New York Times: End the Federal War on Marijuana
In a major and historic breakthrough for libertarians and other advocates of marijuana re-
legalization, the New York Times editorial board has called for
ending the federal war on marijuana.
Here are excerpts from the July 27 editorial, entitled "Repeal Prohibition, Again":
"It took 13 years for the United States to come to its senses and end [alcohol] Prohibition, 13 years in which people kept drinking, otherwise law-abiding citizens became criminals and crime syndicates arose and flourished. It has been more than 40 years since Congress passed the current ban on marijuana, inflicting great harm on society just to prohibit a substance far less dangerous than alcohol.
"The federal government should repeal the ban on marijuana. â€¦
"There are no perfect answers to people's legitimate concerns about marijuana use. But neither are there such answers about tobacco or alcohol, and we believe that on every level â€” health effects, the impact on society and law-and-order issues â€” the balance falls squarely on the side of national legalization. That will put decisions on whether to allow recreational or medicinal production and use where it belongs â€” at the state level. â€¦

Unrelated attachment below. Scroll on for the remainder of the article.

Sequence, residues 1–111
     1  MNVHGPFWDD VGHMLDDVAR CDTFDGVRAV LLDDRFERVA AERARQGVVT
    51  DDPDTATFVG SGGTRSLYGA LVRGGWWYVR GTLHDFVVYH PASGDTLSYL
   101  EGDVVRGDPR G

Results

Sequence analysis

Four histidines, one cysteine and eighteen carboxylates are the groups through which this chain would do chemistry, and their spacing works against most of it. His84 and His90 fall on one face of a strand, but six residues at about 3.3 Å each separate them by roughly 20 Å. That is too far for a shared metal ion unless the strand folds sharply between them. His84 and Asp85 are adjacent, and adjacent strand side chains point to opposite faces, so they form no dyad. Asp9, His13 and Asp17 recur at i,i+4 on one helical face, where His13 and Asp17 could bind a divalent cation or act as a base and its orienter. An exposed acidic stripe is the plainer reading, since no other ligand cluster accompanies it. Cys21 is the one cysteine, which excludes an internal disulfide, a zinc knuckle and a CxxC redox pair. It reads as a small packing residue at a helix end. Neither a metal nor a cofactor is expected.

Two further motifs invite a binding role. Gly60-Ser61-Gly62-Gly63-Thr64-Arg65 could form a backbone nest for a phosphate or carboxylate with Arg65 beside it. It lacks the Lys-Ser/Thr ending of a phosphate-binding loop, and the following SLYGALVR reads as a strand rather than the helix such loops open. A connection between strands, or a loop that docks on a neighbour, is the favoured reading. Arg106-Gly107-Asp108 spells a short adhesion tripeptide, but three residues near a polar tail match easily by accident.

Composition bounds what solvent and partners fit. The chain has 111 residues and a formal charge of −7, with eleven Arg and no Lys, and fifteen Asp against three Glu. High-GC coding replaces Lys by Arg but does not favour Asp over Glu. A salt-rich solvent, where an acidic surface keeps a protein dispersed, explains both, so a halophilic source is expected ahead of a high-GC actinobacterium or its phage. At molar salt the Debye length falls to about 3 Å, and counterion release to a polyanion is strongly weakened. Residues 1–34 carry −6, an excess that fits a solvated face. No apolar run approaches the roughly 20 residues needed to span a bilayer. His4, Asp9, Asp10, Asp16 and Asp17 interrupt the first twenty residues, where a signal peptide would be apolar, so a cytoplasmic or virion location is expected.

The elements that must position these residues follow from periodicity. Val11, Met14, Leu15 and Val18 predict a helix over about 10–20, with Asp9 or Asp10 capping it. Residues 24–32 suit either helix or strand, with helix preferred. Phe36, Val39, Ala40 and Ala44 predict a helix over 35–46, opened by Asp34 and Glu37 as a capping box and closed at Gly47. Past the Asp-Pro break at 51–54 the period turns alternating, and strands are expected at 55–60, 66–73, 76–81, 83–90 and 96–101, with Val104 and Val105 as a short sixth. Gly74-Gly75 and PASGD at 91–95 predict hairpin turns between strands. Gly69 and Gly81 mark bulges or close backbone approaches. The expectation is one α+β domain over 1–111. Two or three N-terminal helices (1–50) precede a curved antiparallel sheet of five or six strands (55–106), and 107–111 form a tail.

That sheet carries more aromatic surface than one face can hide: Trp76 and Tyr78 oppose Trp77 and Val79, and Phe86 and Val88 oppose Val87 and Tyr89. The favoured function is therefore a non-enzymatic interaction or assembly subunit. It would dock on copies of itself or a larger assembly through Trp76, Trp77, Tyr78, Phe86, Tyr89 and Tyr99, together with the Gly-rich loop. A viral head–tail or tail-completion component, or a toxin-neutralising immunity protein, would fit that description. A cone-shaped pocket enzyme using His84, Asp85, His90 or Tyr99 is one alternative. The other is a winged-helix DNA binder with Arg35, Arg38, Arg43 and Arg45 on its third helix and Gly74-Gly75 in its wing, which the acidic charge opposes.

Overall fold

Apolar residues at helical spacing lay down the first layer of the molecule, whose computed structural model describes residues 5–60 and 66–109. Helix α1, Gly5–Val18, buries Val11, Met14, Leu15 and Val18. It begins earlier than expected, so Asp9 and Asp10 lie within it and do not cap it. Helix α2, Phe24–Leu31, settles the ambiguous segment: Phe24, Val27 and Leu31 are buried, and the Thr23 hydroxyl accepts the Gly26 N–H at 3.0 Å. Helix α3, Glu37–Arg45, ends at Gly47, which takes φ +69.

"The social costs of the marijuana laws are vast. There were 658,000 arrests for marijuana possession in 2012, according to F.B.I. figures, compared with 256,000 for cocaine, heroin and their derivatives. Even worse, the result is racist, falling disproportionately on young black men, ruining their lives and creating new generations of career criminals.
"There is honest debate among scientists about the health effects of marijuana, but we believe that the evidence is overwhelming that addiction and dependence are relatively minor problems, especially compared with alcohol and tobacco. Moderate use of marijuana does not appear to pose a risk for otherwise healthy adults. Claims that marijuana is a gateway to more dangerous drugs are as fanciful as the 'Reefer Madness' images of murder, rape and suicide. â€¦
"Creating systems for regulating manufacture, sale and marketing will be complex. But those problems are solvable, and would have long been dealt with had we as a nation not clung to the decision to make marijuana production and use a federal crime. â€¦
"We recognize that this Congress is as unlikely to take action on marijuana as it has been on other big issues. But it is long past time to repeal this version of Prohibition."
The Times followed with a six-part series on marijuana legalization, which can be found under the text of their editorial
Ethan Nadelmann, executive director of the Drug Policy Alliance, commented
on the groundbreaking editorial: